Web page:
Rosetta measures comet's temperature
(Phys.org) —ESA's Rosetta spacecraft has made its first temperature measurements of its target comet, finding that it is too hot to be covered in ice and must instead have a dark, dusty crust.
Experiments show disproportionately large number of big boulders on asteroids likely due to Brazil-nut effect
Researchers find evidence of super-fast deep earthquake
As scientists learn more about earthquakes that rupture at fault zones near the planet's surface—and the mechanisms that trigger them—an even more intriguing earthquake mystery lies deeper in the planet.
Hot tropical oceans during Pliocene greenhouse warming
The impact of the greenhouse gas CO2 on the Earth's temperature is well established by climate models and temperature records over the past 100 years, as well as coupled records of carbon dioxide concentration ...
Morphable surfaces could cut air resistance
There is a story about how the modern golf ball, with its dimpled surface, came to be: In the mid-1800s, it is said, new golf balls were smooth, but became dimpled over time as impacts left permanent dents. ...
New evidence for oceans of water deep in the Earth
Researchers from Northwestern University and the University of New Mexico report evidence for potentially oceans worth of water deep beneath the United States. Though not in the familiar liquid form—the ...
Warming climates intensify greenhouse gas given out by oceans
Rising global temperatures could increase the amount of carbon dioxide naturally released by the world's oceans, fuelling further climate change, a study suggests.
Opening a wide window on the nano-world of surface catalysis
(Phys.org) —Surface catalysts are notoriously difficult to study mechanistically, but scientists at the University of South Carolina and Rice University have shown how to get real-time reaction information ...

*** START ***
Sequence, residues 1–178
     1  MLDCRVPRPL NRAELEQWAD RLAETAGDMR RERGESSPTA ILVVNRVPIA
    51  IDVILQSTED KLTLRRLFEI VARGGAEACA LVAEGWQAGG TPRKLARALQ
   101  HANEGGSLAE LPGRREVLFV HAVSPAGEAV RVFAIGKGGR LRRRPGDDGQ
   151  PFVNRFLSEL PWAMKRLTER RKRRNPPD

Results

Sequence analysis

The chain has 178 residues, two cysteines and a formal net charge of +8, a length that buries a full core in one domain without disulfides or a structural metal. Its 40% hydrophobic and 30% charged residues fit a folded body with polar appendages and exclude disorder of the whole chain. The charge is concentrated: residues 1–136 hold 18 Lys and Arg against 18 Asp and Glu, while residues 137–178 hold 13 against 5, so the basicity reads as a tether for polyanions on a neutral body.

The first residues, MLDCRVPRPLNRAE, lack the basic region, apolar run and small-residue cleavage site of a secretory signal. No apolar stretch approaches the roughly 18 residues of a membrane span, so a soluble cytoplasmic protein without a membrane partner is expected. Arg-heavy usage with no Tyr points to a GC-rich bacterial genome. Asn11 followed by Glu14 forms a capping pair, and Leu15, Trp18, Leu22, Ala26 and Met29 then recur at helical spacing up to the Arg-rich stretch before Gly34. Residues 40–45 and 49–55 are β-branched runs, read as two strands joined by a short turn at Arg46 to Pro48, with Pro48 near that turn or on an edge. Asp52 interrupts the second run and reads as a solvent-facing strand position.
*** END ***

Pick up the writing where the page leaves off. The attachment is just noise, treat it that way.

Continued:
Just add water: 3-D silicon shapes fold themselves when wetted by microscopic droplets
Researchers from the University of Twente in the Netherlands have taken the precise art of origami down to the microscopic scale. Using only a drop of water, the scientists have folded flat sheets of silicon ...
Unexpected water explains surface chemistry of nanocrystals
Danylo Zherebetskyy and his colleagues at the U.S. Department of Energy's Lawrence Berkeley National Laboratory (Berkeley Lab) found unexpected traces of water in semiconducting nanocrystals.
Soap films with complex shapes shed light on the formation of mathematical singularities (w/ Video)
(Phys.org) —Soap films with complex shapes shed light on the formation of mathematical singularities, which occur in a broad range of fields.
Physics team develops simple way of controlling surface plasmon polaritons in graphene
New super waterproof surfaces cause water to bounce like a ball
(Phys.org) —In a basement lab on BYU's campus, mechanical engineering professor Julie Crockett analyzes water as it bounces like a ball and rolls down a ramp.